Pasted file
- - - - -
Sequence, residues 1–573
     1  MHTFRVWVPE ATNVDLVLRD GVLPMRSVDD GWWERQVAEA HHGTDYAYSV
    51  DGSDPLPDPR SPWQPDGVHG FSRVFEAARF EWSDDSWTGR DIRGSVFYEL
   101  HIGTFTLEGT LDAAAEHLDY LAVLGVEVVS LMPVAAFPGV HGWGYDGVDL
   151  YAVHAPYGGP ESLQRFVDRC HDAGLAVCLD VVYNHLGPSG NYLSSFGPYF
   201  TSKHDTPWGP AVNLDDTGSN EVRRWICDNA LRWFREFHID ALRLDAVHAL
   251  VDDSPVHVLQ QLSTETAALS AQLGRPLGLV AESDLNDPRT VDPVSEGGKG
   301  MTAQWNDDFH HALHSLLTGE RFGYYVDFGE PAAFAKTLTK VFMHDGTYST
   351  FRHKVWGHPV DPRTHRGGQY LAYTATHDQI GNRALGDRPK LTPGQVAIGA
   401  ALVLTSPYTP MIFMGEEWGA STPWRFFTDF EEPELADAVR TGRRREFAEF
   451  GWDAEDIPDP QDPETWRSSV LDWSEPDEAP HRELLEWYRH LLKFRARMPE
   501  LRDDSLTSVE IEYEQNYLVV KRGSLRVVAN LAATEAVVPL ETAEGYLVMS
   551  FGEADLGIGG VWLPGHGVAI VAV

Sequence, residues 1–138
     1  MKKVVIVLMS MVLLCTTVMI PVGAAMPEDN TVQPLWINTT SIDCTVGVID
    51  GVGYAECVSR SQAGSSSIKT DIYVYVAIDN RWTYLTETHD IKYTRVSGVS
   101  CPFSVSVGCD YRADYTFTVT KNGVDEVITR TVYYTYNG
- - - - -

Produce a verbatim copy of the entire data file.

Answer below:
Sequence, residues 1–573
     1  MHTFRVWVPE ATNVDLVLRD GVLPMRSVDD GWWERQVAEA HHGTDYAYSV
    51  DGSDPLPDPR SPWQPDGVHG FSRVFEAARF EWSDDSWTGR DIRGSVFYEL
   101  HIGTFTLEGT LDAAAEHLDY LAVLGVEVVS LMPVAAFPGV HGWGYDGVDL
   151  YAVHAPYGGP ESLQRFVDRC HDAGLAVCLD VVYNHLGPSG NYLSSFGPYF
   201  TSKHDTPWGP AVNLDDTGSN EVRRWICDNA LRWFREFHID ALRLDAVHAL
   251  VDDSPVHVLQ QLSTETAALS AQLGRPLGLV AESDLNDPRT VDPVSEGGKG
   301  MTAQWNDDFH HALHSLLTGE RFGYYVDFGE PAAFAKTLTK VFMHDGTYST
   351  FRHKVWGHPV DPRTHRGGQY LAYTATHDQI GNRALGDRPK LTPGQVAIGA
   401  ALVLTSPYTP MIFMGEEWGA STPWRFFTDF EEPELADAVR TGRRREFAEF
   451  GWDAEDIPDP QDPETWRSSV LDWSEPDEAP HRELLEWYRH LLKFRARMPE
   501  LRDDSLTSVE IEYEQNYLVV KRGSLRVVAN LAATEAVVPL ETAEGYLVMS
   551  FGEADLGIGG VWLPGHGVAI VAV

Sequence, residues 1–138
     1  MKKVVIVLMS MVLLCTTVMI PVGAAMPEDN TVQPLWINTT SIDCTVGVID
    51  GVGYAECVSR SQAGSSSIKT DIYVYVAIDN RWTYLTETHD IKYTRVSGVS
   101  CPFSVSVGCD YRADYTFTVT KNGVDEVITR TVYYTYNG